SOUTHINGTON — Town Manager Garry Brumback’s announcement this week that he plans to retire in January has town councilors within both party caucuses divided over how and when to fill the position.
For some councilors, the top candidate for the job is Mark Sciota, the town attorney and deputy town manager. After the retirement of former town manager John Weichsel in 2010, Sciota narrowly lost the appointment to Southington’s top post to Garry Brumback, who was found through a national search.
Democratic Councilor Dawn Miceli voted for Sciota in 2010 and said she still believes he should lead the town.
“If it does come to a motion to support Mark Sciota, to appoint Mark Sciota as our next town manager, I would definitely support that appointment,” she said. “I felt he was the appropriate and right choice for our community eight years ago and I still feel that way now.”
“He can make a seamless transition for our community for little to no expense,” Miceli said. Hiring outside the town could mean upheaval in Town Hall as employees and department leaders adjust to a new leadership style.
Cheryl Lounsbury, a Republican who is the council vice chairwoman, said that to appoint Sciota without a search process “is going back to how it was 20 years ago in this town.” Sciota went to school with many of the councilors and is in some of the same organizations as well. Lounsbury said appointing people with personal connections has caused problems in the past, although she spoke highly of Sciota.
“If he goes through the process and becomes the candidate, that’s fine,” Lounsbury said. “It’s not pro-Mark or anti-Mark.”
She and fellow Republican Ed Pocock III were not included in a meeting that she said Council Chairman Michael Riccio held with other Republicans who are running in November’s election. Lounsbury and Pocock are not seeking re-election.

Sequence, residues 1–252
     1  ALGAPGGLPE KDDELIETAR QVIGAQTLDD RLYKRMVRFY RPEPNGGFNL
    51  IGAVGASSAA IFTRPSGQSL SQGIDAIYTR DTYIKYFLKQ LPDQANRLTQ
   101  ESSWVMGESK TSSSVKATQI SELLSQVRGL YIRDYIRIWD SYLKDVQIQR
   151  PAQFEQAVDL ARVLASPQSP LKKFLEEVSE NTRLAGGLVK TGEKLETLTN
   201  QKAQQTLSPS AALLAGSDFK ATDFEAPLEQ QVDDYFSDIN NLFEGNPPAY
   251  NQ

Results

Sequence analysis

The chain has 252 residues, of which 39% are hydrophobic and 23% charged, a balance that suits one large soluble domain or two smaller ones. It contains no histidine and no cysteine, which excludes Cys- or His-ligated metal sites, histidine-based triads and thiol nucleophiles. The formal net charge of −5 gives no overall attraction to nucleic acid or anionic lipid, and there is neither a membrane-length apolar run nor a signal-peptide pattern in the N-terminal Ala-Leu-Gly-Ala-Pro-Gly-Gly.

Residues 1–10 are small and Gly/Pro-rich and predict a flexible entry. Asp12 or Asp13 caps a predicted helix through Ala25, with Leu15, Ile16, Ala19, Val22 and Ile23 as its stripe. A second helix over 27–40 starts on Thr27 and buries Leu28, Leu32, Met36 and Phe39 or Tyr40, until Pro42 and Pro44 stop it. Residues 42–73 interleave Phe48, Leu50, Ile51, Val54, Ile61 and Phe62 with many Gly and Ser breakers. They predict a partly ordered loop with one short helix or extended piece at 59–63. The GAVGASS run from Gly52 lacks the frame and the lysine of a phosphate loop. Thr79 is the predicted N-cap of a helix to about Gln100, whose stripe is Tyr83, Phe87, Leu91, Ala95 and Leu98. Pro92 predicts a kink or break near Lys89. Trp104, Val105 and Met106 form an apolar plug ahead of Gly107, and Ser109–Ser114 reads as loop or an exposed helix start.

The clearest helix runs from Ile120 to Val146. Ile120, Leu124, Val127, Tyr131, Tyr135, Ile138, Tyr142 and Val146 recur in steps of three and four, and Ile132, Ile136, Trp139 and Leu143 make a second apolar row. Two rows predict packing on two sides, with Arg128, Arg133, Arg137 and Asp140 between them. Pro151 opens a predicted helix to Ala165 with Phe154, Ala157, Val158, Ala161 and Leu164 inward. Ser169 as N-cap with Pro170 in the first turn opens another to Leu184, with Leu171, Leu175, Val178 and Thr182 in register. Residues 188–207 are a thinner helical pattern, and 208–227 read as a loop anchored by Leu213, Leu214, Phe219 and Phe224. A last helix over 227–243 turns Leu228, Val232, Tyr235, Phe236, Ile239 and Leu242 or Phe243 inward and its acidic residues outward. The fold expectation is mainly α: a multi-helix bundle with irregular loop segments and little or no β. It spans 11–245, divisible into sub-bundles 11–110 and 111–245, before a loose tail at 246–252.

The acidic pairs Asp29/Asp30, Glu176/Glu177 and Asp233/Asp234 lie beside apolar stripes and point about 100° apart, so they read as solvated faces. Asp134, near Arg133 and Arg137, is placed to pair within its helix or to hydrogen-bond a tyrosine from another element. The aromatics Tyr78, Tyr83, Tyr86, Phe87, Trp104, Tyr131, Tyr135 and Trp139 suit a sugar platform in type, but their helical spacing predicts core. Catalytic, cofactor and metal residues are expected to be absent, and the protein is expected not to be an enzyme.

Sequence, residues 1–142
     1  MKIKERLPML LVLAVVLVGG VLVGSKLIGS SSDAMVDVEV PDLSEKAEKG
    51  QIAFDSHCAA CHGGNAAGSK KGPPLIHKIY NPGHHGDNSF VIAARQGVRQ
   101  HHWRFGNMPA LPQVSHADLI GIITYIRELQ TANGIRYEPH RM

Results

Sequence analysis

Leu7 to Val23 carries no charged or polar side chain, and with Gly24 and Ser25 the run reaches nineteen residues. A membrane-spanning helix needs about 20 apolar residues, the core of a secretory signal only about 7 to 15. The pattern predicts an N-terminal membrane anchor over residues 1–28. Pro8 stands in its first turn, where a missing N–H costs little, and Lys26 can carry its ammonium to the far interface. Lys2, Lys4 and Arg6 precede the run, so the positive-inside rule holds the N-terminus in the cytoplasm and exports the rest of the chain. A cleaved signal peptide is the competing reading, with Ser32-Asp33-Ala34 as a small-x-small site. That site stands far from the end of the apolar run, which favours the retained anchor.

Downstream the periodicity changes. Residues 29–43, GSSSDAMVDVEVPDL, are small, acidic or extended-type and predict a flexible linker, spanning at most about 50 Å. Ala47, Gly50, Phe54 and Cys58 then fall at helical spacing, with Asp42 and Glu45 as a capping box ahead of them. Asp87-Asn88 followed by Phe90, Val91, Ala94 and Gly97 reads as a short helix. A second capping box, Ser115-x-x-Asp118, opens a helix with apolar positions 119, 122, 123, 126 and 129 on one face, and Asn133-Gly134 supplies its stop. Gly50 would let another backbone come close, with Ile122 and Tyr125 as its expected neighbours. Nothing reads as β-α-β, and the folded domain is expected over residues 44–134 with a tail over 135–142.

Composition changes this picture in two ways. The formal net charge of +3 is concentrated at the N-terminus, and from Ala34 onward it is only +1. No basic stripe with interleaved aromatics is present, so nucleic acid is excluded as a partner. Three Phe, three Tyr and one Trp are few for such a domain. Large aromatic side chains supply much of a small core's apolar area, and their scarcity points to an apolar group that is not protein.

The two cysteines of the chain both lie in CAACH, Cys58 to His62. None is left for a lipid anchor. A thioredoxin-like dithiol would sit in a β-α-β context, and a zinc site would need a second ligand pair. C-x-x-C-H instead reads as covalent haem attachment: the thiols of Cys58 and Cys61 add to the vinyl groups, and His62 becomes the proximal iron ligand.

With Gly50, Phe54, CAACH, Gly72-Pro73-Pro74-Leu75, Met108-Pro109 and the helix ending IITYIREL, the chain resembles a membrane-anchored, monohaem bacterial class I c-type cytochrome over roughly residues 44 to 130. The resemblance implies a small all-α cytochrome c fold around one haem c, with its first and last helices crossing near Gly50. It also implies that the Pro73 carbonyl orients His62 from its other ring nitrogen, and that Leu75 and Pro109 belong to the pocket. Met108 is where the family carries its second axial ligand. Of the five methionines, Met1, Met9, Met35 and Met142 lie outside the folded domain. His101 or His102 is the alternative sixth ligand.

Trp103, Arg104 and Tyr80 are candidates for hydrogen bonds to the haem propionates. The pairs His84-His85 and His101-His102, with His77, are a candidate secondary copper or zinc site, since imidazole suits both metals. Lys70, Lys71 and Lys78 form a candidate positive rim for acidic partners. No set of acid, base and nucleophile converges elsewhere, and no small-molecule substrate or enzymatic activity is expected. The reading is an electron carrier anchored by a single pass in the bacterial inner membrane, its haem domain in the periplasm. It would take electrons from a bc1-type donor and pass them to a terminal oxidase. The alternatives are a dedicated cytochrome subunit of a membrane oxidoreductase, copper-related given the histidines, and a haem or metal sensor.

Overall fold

Lounsbury said she and Pocock weren’t included because they disagree with Riccio’s preference to appoint Sciota. Riccio couldn’t be reached for comment Wednesday.
“To me, I’m so disappointed in Michael’s leadership. You don’t split your caucus,” she said. “The only reason I can see (why they weren’t included) is he wanted people to hear only one side. That’s not leadership. That’s trying to bully your way through.”
Riccio and Lounsbury clashed most recently over changes to the town’s ethics code.
Lounsbury said she’s not running in part due to Riccio’s treatment of her and other councilors. She described him as “the Donald Trump of Southington.”
“I like inclusion, I like compromise. I like discussion among all people and then come to a consensus,” she said. “I don’t like bullying.”
Republican Tom Lombardi said it’s too early to comment on how the job will be filled, but he spoke highly of Sciota and said Southington was in a unique position with a highly qualified candidate already in town.
“Mark Sciota has done a fantastic job as well,” Lombardi said.
Victoria Triano, a Republican councilor, said she didn’t want to comment on personnel matters.
Republican Councilor Paul Champagne couldn’t be reached for comment Wednesday.
Pocock and Democratic Councilor Chris Palmieri said that Riccio had called Miceli, asking for her support in appointing Sciota. Palmieri criticized the phone calls and meetings which had taken place on the issue so far.
“It’s absolutely outrageous to me. We haven’t even met as a council, we haven’t even discussed it as a council,” he said. “This is being done not only behind the public’s back but also behind fellow council members’ backs.”
Miceli said she didn’t want to comment on any recent conversations between councilors on who should take the position or how it should be filled.
Palmieri voted for Sciota in 2010 and said he probably would again, but wanted a search process to gather the best candidates for the job.
Pocock said he supports a search process as he did in 2010. He doesn’t expect his view to prevail, though.
“It sounds to me like they’ve locked down five votes,” Pocock said.
John Barry, a Democratic councilor, also voted for Sciota but said he wanted an “open and transparent process” to find Brumback’s replacement. He said there were a lot of questions that should be asked of a prospective town manager.
“Without the ability to meet and ask questions of job seekers, it denies everyone the opportunity to examine who might be the best person to run our town,” he said.
Sciota didn’t return a call for comment Wednesday.
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